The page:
Lewis Hamilton has never made any secret of his infatuation with the Monaco Grand Prix. Whereas Jenson Button suggested that, though winning it evoked special feelings there were "plenty of other special races", Hamilton was unequivocal.
"Monaco is spectacular," he said. "Personally, I don't think it's like any other race. It's unique and special in its own way, and winning here gives you the most incredible feelings."
Whether he can repeat this weekend his 2008 success in a Mercedes that is blisteringly quick in qualifying – yielding three pole positions for the team in the last three races – yet falls prey to harsher tyre wear than most of its rivals is a moot point.
The memory of his lowly 12th-place finish from second on the grid in Spain 11 days ago is too raw. But Mercedes' technicians have been flat out trying to figure out what they need to do to keep Pirelli's made-to-degrade rubber alive in races. "A huge amount of work has gone into understanding where we are," Hamilton said. "It's real science, and all these scientists are trying to understand our situation. I don't think we will be as bad here as we were in Spain, and I definitely think we'll have a better weekend."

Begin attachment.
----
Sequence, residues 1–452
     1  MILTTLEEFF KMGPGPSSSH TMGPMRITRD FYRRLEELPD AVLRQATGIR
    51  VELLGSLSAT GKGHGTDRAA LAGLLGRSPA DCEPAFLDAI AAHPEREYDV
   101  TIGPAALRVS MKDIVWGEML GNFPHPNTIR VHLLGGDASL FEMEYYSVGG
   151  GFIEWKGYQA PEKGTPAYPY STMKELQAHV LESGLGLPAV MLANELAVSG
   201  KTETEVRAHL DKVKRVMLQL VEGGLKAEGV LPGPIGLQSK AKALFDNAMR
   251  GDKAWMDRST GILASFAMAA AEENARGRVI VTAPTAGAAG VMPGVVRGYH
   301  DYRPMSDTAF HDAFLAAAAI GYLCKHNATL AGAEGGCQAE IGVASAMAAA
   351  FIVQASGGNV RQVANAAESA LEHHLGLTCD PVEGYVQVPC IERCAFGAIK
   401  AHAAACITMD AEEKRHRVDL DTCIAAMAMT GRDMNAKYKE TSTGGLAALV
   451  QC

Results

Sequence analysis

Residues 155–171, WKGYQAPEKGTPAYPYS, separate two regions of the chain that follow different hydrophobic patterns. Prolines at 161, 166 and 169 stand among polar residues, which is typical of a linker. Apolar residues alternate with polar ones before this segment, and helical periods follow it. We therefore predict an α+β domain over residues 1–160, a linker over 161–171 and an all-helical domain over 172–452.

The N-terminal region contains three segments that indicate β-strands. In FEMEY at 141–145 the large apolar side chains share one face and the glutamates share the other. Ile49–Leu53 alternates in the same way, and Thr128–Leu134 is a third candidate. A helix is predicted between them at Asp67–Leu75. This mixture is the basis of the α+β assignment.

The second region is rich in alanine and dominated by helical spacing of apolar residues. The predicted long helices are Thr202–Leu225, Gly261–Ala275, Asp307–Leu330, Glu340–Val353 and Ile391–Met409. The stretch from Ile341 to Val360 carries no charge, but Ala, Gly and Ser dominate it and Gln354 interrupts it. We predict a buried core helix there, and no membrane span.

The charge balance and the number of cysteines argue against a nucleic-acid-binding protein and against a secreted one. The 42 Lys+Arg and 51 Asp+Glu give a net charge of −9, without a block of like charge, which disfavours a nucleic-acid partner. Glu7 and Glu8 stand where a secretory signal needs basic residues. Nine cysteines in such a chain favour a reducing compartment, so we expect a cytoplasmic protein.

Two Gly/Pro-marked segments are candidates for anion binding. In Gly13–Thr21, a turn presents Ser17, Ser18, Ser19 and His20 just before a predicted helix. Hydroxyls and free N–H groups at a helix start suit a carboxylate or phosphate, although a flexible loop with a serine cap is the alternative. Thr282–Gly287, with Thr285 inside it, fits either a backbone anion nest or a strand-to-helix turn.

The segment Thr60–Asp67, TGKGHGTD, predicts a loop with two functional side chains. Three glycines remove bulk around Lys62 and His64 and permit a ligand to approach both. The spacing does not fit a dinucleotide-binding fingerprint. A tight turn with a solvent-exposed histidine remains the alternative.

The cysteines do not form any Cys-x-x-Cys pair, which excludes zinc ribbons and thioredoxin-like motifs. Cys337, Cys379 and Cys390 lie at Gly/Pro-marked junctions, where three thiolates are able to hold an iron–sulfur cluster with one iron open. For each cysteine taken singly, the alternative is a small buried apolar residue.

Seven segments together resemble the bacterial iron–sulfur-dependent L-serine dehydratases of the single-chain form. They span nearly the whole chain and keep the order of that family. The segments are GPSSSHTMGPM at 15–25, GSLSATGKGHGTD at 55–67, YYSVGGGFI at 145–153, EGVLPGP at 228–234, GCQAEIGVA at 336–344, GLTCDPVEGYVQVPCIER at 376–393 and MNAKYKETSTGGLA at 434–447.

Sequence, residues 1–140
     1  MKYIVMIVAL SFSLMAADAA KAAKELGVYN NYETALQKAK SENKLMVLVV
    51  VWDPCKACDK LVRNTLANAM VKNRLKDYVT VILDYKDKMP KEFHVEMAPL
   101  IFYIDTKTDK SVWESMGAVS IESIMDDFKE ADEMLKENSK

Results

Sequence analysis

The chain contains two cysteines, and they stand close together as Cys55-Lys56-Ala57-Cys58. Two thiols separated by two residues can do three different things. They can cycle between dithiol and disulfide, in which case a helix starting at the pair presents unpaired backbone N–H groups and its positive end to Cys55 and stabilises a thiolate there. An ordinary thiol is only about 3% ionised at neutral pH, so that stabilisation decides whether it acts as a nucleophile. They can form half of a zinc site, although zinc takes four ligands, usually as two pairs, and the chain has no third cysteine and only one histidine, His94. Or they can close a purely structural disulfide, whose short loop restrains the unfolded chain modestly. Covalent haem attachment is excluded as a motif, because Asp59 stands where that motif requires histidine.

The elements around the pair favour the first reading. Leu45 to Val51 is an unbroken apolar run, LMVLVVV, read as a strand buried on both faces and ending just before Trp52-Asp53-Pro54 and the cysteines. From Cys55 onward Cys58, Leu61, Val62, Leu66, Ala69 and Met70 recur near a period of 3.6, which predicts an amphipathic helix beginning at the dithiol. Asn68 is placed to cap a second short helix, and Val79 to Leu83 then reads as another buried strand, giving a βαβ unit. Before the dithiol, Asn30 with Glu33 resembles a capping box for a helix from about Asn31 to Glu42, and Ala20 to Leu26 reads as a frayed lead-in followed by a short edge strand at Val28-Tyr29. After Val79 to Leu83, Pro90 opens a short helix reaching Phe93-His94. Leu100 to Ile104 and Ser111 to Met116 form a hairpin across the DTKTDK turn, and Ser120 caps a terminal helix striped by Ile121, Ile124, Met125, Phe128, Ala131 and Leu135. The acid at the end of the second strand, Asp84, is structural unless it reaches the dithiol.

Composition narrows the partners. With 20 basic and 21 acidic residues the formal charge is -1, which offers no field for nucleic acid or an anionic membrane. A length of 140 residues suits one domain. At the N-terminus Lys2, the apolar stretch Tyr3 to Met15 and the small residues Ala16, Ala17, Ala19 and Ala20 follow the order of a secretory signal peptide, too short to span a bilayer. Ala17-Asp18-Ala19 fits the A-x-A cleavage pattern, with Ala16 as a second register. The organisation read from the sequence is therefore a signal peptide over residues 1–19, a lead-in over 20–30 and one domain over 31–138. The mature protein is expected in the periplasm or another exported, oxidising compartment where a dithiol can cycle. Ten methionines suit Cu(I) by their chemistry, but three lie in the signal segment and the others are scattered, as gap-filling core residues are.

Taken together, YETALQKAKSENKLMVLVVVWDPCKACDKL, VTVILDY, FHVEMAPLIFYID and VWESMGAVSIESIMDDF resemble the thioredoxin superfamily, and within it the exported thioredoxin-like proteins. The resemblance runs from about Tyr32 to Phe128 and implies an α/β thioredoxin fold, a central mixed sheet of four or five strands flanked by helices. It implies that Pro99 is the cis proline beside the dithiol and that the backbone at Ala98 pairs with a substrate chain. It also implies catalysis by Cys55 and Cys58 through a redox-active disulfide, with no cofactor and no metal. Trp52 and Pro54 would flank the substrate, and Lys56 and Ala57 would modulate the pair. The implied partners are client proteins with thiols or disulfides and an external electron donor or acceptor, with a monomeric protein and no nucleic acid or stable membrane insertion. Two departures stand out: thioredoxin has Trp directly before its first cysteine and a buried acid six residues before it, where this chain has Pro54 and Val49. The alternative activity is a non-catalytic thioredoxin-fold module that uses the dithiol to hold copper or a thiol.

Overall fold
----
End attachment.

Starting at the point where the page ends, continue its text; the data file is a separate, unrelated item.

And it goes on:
Grid position in Monaco is always crucial. If you can start from the front, then you have the best chance of staying there. "It's so difficult to pass here," Hamilton added. "Last year Mark [Webber] controlled the race from the front, in a very competitive car. If you can start from the front and are able to get the set-up right so that you are able to manage the tyres, you can control the race and win."
Besides a driver who can shave walls and barriers without actually hitting them hard, Monaco demands a car with excellent mechanical grip and traction out of the tight corners.
One good thing that Hamilton and his team-mate Nico Rosberg – who has been giving him a harder time than many pundits expected in races – bring with them from the Spanish Grand Prix is the knowledge that in the tighter sections of the Circuit de Catalunya their car was three- to four-tenths of a second faster than the Red Bull. The latter car is generally reckoned to be the machine with the most aerodynamic downforce.